Constant disk stability key to galactic star forming efficiency

17 August 2016

Star formation in galaxies is a local process whereby stars form out of molecular Hydrogen (H2). Detailed multiwavelength studies of the gas and stellar components of nearby galaxies have found the H2 star formation efficiency (SFEH2) – the ratio of star formation rate to the H2 mass – to be approximately constant. Similarly, the atomic Hydrogen (HI) star formation efficiency (SFEHI) has also been observed to be uniform across 5 orders of magnitude in galaxy stellar masses. Since the fraction of HI and H2 is known to vary within a galaxy, as well as between galaxies, it is unclear what is driving the observed uniformity in SFEHI.

A new model, by CAASTRO Affiliate Dr Ivy Wong (ICRAR-UWA) and colleagues, is the first to link the uniform SFEHI observed in low-redshift galaxies to star-forming disks with constant marginal stability. In their simple model, disk stability is derived from a two-fluid approach: one fluid representing the gas component and the other the stellar component. The researchers tested two versions of their model with differing prescriptions for determining the molecular gas fraction, based on either the hydrostatic pressure or the stellar surface density of the modelled disk. For high-mass galaxies such as the Milky Way, they found that both prescriptions were able to reproduce the observed SFEHI. However, the hydrostatic prescription was the only prescription that was able to reproduce the observed SFEHI for both low- and high-mass galaxies. The primary driver of the disk structure in the model is the amplitude of the rotational velocity, Vmax, while the specific angular momentum of the galaxy may play a role in explaining the weak correlation between SFEHI and the effective surface brightness of the disk. The team was also able to reproduce the observed star formation properties of a proto-Milky Way at higher redshifts when the Universe was at its peak star formation period.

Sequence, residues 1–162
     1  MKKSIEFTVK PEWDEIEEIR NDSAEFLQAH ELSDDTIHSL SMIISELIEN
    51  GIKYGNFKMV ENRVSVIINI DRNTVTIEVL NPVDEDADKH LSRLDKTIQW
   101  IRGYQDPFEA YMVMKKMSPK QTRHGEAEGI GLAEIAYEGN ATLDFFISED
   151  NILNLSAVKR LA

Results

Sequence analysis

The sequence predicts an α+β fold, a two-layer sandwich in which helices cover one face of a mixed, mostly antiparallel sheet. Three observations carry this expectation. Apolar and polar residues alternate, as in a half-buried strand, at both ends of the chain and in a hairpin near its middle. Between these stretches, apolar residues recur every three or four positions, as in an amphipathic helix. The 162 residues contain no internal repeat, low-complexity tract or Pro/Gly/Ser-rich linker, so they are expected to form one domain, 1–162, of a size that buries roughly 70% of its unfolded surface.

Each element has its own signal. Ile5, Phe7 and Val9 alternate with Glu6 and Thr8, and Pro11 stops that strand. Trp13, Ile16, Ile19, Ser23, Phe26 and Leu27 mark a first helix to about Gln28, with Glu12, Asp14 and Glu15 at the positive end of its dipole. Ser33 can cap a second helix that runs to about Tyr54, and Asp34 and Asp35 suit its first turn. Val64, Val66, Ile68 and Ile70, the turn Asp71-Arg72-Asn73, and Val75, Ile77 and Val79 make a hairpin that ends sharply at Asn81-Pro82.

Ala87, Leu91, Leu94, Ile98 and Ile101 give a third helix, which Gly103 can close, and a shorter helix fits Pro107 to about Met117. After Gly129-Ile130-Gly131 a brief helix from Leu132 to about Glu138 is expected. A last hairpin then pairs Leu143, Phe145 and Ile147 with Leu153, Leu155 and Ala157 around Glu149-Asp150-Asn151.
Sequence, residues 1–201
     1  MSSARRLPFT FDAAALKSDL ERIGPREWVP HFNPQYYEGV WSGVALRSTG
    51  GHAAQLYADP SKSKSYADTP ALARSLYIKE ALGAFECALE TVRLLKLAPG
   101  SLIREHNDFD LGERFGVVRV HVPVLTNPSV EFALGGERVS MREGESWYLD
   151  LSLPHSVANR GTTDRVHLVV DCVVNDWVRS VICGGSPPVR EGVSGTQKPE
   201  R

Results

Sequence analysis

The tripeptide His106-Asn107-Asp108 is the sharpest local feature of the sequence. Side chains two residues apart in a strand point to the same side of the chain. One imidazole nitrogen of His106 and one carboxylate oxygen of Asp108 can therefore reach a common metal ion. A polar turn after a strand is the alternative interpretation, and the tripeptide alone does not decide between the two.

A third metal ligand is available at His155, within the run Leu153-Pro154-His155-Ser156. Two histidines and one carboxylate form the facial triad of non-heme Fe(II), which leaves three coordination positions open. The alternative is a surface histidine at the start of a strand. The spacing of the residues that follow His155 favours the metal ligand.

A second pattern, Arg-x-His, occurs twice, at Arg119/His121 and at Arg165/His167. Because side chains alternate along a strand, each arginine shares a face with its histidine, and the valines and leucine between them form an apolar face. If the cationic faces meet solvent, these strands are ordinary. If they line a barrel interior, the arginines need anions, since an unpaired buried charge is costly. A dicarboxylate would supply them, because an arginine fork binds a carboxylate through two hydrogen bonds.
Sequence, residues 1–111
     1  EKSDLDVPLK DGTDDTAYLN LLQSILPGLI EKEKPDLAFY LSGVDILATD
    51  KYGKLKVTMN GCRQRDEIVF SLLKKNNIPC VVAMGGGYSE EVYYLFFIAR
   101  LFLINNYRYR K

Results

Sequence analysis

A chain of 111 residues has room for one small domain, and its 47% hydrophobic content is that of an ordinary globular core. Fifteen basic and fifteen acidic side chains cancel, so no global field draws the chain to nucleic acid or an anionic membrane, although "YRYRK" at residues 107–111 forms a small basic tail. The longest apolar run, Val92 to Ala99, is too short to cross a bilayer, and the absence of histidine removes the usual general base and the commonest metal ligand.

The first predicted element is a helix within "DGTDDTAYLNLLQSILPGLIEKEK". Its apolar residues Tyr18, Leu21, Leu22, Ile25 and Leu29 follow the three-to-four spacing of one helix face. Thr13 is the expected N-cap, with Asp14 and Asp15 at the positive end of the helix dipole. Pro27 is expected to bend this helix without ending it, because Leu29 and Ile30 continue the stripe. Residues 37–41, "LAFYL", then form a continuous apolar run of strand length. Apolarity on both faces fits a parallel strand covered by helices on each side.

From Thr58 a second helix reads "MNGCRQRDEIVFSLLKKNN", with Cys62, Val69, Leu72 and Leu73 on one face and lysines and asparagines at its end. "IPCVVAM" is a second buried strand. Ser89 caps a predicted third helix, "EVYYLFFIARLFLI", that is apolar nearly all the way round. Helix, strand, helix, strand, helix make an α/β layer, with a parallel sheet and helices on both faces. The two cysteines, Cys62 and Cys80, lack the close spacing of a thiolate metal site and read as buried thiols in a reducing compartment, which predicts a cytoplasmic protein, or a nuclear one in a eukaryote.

The success of their model at reproducing the observed star formation properties in galaxies at low and high redshifts suggests that star formation in galaxies is largely governed by the formation and stabilisation of their disks. 

 

Publication details:

Ivy Wong et al. in The Monthly Notices of the Royal Astronomical Society (2016): "Characterising uniform star formation efficiencies with marginally-stable galactic disks"